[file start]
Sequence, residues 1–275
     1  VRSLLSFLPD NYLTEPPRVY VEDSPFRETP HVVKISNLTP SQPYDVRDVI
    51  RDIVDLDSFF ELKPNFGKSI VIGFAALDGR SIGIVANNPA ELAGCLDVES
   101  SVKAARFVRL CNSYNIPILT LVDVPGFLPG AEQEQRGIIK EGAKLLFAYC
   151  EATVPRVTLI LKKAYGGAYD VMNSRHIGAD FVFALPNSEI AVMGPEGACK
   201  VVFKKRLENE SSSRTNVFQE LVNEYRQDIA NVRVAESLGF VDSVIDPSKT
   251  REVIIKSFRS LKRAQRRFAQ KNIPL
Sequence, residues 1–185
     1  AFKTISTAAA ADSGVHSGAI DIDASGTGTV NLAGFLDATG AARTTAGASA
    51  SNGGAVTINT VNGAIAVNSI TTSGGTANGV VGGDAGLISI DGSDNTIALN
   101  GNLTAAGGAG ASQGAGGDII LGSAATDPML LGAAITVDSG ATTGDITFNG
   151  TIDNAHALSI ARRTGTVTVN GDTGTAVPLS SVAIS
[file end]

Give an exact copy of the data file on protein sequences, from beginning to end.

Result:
Sequence, residues 1–275
     1  VRSLLSFLPD NYLTEPPRVY VEDSPFRETP HVVKISNLTP SQPYDVRDVI
    51  RDIVDLDSFF ELKPNFGKSI VIGFAALDGR SIGIVANNPA ELAGCLDVES
   101  SVKAARFVRL CNSYNIPILT LVDVPGFLPG AEQEQRGIIK EGAKLLFAYC
   151  EATVPRVTLI LKKAYGGAYD VMNSRHIGAD FVFALPNSEI AVMGPEGACK
   201  VVFKKRLENE SSSRTNVFQE LVNEYRQDIA NVRVAESLGF VDSVIDPSKT
   251  REVIIKSFRS LKRAQRRFAQ KNIPL
Sequence, residues 1–185
     1  AFKTISTAAA ADSGVHSGAI DIDASGTGTV NLAGFLDATG AARTTAGASA
    51  SNGGAVTINT VNGAIAVNSI TTSGGTANGV VGGDAGLISI DGSDNTIALN
   101  GNLTAAGGAG ASQGAGGDII LGSAATDPML LGAAITVDSG ATTGDITFNG
   151  TIDNAHALSI ARRTGTVTVN GDTGTAVPLS SVAIS